‘The Daylight Gate’ by Jeanette Winterson

the daylight gatePublished in 2012 to coincide with the 400th anniversary of the Pendle Witch Trials, one of the most well documented examples of witch hunts in English history, this novella combines established facts and records with a rich imagined backstory to help brings events to life.

The book focuses on Alice Nutter, one of the eleven people accused of witchcraft and tried in the August Assizes in 1612. Alice was unique in the fact that she was a gentlewoman and relatively wealthy compared to the rest of the accused.

Jeanette Winterson creates an atmosphere that evokes the culture of 17th century England – one of fear and fanaticism, complete with a paranoid King intent on destroying both witches and Catholics. It’s gritty and grim and bleak and it doesn’t romanticise poverty. There’s no scrimping on the details when it comes to hygiene, health or squalid living conditions. Grave robbing, torture and corpse mutilation all feature in their turn and at times it’s quite hard to read.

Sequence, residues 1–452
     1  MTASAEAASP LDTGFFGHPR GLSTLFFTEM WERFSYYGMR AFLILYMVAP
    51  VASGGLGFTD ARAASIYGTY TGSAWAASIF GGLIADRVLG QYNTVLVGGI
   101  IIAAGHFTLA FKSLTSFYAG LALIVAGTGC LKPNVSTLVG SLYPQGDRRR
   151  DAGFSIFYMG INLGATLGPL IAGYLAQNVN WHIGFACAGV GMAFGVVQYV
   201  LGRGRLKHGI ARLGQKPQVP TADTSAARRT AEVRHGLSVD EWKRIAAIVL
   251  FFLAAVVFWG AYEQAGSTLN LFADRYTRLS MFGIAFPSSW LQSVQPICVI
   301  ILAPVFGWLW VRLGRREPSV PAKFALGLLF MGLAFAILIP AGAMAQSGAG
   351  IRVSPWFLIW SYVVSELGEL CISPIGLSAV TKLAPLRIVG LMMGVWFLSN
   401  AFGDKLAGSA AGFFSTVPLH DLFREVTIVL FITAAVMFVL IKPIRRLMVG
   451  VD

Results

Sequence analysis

She uses the known facts and the details of the trial to give her characters motivations, backstories and personalities. The Idea of witchcraft is portrayed in numerous very different ways. For the most part, ‘witchery’ is something that people were accused of out of fear or anger. It’s also something of a religion to some of the poorer people, who out of desperation may believe in anything to help them survive. To the village healers, it’s a profession. To Alice Nutter and her companions, in this story at least, it’s something more real, dangerous but full of potential. Continue reading